Sunday, December 21, 2014
Sermon: Luke 2:14 The Christmas Truce
Almost 100 years ago, a most remarkable event took place. In the worst of times, something so unbelievable happened that it’s remembered to this day. It even featured in the Sainsbury’s Christmas advert this year.
Lieutenant David Williamson from Castlecaulfield wrote home to his father about it: ‘There was a sort of truce arranged today (Christmas Day) between some of our fellows and and Germans in front of them... Our men went across and they and the Germans exchanged tobacco and talked and sauntered round between the two lines of trenches. It was the queerest sight in the world to see two lots of men, who a few hours before were intent on killing each other (and will be again tomorrow!) talking together as if they were the greatest friends in the world. They even arranged a football match, and since I started writing this letter a telephone message has come through to say that the Germans had won by three goals to two.’
The Great War had begun in August, with the promise of being home and finished by Christmas. But the war continued, so that troops found themselves in the trenches on Christmas Day. The fighting wasn’t over, but men who were enemies enjoyed peace on Christmas Day as fighting stopped. For at least a little while, the fighting stopped, there was a period of peace. It seems too good to be true, and yet it happened.
As we hear the Christmas story, a truce is announced, and the promise of peace is given. In the skies above Bethlehem, the angels sang to the shepherds, and here’s what they said: ‘Glory to God in the highest, and on earth peace among those with whom he is pleased!’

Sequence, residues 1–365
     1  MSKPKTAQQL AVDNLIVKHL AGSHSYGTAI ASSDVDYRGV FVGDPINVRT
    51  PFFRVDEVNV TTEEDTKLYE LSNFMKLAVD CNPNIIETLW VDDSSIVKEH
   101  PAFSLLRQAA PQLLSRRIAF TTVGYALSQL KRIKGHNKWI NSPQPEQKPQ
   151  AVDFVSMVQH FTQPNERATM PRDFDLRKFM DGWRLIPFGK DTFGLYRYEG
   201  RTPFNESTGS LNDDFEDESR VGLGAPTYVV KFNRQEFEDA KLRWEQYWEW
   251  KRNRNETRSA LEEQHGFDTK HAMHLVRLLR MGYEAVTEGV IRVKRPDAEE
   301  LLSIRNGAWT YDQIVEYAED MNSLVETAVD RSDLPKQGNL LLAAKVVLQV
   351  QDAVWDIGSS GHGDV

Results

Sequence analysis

The birth of the baby brings glory to God and peace to people on earth. While the Great War was paused for Christmas Day, it’s a deeper peace that the angels are singing about; a deeper peace that the Lord Jesus brings.
In our first reading, we heard of how sin entered the world through Adam and Eve’s disobedience. The consequences are all around us. Sin has infected and affected each of us, our personality, character, and relationships. The rebellion begun by our first parents is carried on by each of their children. We naturally rebel against God. We choose to sin in our hearts and in our actions. We have enrolled in the army of God’s enemies.
Yet to a world of rebels, the angels sing of peace. Peace among those with whom God is pleased. Peace for all who will receive it. And it comes wrapped up in swaddling cloths, lying in a manger.
Jesus comes into the world to turn rebels back to God. This is the message of Christmas, good news in a world of bad news. You can know his peace tonight, if you come to him. Lay down your opposition to him, turn around and receive his promise of peace.
We can have that reconciliation tonight, and take that peace with us everywhere we go, even when we deal with annoying relatives over the Christmas holidays. So let’s sing of it now, in the words of our last carol, ‘peace on earth, and mercy mild, God and sinners reconciled.’
This sermon was preached at the Carol Service in Aghavea Parish Church on Sunday 21st December 2014.